Most schools, especially small ones, do not have the budget for automated marketing systems, and may feel each touch needs to be personal. Every school or business should prefer 100% personal interaction, but it’s often inefficient or infeasible. Can your school support your personal touches with highly targeted e-communications? Read on and you can decide.
Developing Your Process
Whether you have a marketing automation platform or plan to test a manual approach initially, the first step is to determine your audience. In pre-K to 8 schools, the decision-makers will almost surely be the parents, while in high schools, the student is increasingly involved. Next, select several broad but targeted topics that best represent the interests of your potential students. Let’s say you choose athletics, arts, academics, community service/trips, and technology/innovation. To resonate with your prospect, at least two of those require sub-sets; academics or athletics may have several subsets, because an article on math won’t be relevant to a history aficionado. Automated systems can handle these additional requirements easily, while they become more complex for a manual program.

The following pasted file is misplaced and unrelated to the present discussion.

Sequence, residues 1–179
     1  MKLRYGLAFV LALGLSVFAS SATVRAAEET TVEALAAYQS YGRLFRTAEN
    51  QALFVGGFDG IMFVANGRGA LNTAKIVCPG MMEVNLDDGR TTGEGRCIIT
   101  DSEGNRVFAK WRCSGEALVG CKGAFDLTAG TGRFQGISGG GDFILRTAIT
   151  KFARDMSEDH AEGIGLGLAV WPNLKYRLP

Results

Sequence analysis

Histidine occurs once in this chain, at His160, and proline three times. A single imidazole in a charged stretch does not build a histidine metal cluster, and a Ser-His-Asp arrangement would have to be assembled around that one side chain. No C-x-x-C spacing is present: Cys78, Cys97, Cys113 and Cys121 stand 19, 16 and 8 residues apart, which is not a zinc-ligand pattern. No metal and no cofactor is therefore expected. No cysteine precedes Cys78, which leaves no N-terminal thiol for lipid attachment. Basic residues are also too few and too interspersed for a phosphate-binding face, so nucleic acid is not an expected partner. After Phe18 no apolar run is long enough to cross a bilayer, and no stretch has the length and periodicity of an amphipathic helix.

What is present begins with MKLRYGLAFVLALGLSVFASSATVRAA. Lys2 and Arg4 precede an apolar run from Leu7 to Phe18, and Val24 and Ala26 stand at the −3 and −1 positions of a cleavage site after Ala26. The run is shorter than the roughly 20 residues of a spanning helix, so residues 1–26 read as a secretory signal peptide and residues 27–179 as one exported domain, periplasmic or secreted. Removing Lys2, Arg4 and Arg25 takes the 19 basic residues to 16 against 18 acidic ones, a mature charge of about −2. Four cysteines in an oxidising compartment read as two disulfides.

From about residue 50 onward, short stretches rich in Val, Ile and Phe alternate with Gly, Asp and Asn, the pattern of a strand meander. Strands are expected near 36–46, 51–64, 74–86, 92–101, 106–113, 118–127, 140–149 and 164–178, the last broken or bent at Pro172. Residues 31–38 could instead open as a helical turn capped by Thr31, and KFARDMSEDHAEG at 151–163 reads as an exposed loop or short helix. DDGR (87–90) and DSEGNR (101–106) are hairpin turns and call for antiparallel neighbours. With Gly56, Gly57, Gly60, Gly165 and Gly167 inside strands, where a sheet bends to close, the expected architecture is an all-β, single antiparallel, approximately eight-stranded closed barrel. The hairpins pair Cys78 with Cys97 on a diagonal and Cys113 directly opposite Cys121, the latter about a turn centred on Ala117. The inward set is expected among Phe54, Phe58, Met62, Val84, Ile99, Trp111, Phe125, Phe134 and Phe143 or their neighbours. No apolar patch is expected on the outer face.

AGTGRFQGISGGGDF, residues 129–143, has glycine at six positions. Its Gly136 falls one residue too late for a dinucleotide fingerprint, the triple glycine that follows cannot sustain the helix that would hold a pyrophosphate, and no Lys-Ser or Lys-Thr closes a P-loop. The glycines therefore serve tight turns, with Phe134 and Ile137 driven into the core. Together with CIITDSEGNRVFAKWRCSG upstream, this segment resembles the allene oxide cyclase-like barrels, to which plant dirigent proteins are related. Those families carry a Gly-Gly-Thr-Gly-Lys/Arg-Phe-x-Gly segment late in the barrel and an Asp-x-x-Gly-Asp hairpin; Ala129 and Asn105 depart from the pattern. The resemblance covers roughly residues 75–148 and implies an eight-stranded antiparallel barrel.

Creating Your Content Streams
Then, create a set of very concise emails for these subjects – two or three sentences and a link to a web page, news item, video, document, or survey. In sum, you will end up sending a personal note to each interested party once a week with news or highlights in each area: “Hi Joey, I hope your autumn is going well – take a look at our (great win over our soccer rival/video of our latest play/news about our community service trip).” Do NOT generate new content for these email touches; instead, use your communications calendar or historical pieces to leverage topics you typically communicate to your parents. You know you have your main community service day on X date, the marquee football game against your rival on Y date, the big musical on Z date. Build these topics into your “content streams” as a natural way to strengthen your connection with the student or family.
Assessing Interest Via Activity Tracking